The Lay Apostolate


Then the eleven disciples set out for Galilee, to the mountain where Jesus had told them to meet him. When they saw him, they prostrated themselves before him, although some doubted. Then Jesus approached them and said, “All authority in heaven and on earth has been given to me. Go, therefore, and make disciples of all nations, baptizing them in the name of the Father and of the Son and of the Holy Spirit, and teaching them to observe all that I have commanded you. And behold, I am with you always, to the end of the world” (Matthew 28:16-20).

So much had happened in three short years. Away from his fellow disciples, Peter would have recalled that day when Jesus called him

As Jesus was walking by the Sea of Galilee, he saw two brothers, Simon who is called Peter, and his brother Andrew, casting a net into the water, for they were fishermen. He said to them, “Come, follow me, and I will make you fishers of men.” Immediately, they abandoned their nets and followed him (Matthew 4:18-20).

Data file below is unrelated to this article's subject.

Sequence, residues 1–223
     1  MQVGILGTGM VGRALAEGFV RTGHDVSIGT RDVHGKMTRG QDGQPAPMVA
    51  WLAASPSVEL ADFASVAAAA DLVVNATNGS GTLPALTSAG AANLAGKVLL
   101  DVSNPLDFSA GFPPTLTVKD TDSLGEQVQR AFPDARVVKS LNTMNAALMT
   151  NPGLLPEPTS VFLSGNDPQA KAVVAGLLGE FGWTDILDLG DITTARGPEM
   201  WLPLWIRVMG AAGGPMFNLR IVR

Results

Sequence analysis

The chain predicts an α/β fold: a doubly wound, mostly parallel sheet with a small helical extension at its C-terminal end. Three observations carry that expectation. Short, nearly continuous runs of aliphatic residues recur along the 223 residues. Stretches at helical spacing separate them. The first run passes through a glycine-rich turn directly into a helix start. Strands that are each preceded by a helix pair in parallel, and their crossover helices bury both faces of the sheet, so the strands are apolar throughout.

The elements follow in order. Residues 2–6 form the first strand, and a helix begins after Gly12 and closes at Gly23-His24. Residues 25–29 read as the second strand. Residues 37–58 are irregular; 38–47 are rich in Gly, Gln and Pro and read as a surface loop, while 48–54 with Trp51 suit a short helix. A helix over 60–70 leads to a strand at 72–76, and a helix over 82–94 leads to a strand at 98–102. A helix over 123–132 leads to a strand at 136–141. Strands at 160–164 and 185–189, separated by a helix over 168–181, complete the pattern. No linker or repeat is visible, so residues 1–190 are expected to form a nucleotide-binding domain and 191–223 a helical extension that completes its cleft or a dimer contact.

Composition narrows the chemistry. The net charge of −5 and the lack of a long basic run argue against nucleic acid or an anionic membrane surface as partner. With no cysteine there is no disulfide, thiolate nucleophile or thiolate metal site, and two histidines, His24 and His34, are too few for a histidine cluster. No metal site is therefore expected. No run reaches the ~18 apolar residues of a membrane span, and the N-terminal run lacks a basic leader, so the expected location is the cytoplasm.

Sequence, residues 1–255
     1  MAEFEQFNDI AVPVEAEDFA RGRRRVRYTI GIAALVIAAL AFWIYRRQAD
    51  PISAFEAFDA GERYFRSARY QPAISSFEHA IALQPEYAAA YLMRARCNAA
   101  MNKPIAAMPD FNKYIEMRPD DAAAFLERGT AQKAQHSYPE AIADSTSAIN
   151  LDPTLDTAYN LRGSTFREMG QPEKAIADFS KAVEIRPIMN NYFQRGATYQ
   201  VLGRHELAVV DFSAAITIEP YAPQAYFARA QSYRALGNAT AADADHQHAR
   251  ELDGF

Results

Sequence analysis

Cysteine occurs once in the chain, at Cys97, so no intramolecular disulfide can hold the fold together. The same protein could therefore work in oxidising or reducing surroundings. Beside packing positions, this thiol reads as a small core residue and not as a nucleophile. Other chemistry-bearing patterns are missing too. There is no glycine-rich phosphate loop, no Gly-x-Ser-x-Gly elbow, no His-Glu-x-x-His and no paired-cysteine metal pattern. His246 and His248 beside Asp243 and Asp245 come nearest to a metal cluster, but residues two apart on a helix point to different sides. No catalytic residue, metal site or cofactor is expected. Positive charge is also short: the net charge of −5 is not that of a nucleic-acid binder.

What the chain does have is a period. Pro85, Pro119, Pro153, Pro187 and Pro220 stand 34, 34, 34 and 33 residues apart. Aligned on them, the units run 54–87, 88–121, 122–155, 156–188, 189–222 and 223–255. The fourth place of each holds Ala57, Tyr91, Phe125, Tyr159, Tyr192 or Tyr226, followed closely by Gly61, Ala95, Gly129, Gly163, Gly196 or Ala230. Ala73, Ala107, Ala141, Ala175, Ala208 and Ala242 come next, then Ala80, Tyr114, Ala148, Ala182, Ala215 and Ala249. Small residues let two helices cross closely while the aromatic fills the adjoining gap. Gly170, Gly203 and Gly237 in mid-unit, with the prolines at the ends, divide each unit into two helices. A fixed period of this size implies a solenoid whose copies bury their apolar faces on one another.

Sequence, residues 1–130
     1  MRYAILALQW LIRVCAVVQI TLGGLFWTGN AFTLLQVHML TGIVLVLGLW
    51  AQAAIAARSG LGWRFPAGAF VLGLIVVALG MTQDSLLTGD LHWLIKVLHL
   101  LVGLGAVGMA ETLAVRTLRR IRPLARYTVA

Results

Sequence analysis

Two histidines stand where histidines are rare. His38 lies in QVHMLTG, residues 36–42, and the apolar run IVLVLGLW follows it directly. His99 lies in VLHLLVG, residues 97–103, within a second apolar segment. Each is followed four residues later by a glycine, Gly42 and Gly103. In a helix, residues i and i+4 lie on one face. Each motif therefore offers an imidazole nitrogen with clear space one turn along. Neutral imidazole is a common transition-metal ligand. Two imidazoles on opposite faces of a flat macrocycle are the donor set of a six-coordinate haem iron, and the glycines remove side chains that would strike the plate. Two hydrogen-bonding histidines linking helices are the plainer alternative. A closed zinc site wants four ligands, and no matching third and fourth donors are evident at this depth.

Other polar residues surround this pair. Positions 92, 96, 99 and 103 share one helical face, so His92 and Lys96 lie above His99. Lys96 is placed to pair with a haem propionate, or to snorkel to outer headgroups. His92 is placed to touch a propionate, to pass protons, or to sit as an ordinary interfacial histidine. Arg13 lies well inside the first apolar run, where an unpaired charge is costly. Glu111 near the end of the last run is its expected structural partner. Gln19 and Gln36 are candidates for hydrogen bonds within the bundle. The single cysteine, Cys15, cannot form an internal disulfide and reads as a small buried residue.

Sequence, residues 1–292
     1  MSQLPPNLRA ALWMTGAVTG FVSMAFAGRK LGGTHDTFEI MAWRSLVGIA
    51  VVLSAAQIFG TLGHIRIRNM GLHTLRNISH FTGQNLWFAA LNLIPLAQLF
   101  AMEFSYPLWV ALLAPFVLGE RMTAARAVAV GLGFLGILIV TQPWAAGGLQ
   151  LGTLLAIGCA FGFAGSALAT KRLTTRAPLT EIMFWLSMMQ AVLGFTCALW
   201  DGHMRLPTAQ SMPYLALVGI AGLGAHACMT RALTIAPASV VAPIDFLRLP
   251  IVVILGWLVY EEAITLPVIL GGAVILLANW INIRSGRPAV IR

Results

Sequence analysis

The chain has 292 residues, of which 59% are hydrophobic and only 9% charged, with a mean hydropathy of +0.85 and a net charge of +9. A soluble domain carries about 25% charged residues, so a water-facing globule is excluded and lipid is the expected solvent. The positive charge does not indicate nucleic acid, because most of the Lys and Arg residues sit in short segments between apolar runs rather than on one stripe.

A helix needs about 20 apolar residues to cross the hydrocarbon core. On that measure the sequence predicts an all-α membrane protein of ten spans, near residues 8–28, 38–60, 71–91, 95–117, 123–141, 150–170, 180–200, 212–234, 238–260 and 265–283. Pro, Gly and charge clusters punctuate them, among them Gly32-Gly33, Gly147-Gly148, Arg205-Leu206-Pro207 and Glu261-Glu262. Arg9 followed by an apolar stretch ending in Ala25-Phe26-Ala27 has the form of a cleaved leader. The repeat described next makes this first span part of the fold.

Jesus had spent half his life as a rabbi, a teacher of the Jewish faith. The people he called to follow him were involved in secular occupations. Peter was a fisherman. 

Why the lay apostolate?

Russell Shaw (2013) presents the view that the lay apostolate has a priority over other forms of lay participation in the mission of the Church. He bases his view on what is stated in Lumen Gentium regarding the laity, namely that they “are given this special vocation: to make the Church present and fruitful in those places and circumstances where it is only through them that she can become the salt of the earth” (LG, 33).

And again: “The characteristic of the lay state being a life led in the midst of the world and of secular affairs, laymen are called to make of their apostolate . . . a leaven in the world” (Apostolicam Actuositatem, 2).

Richard Patrick Branson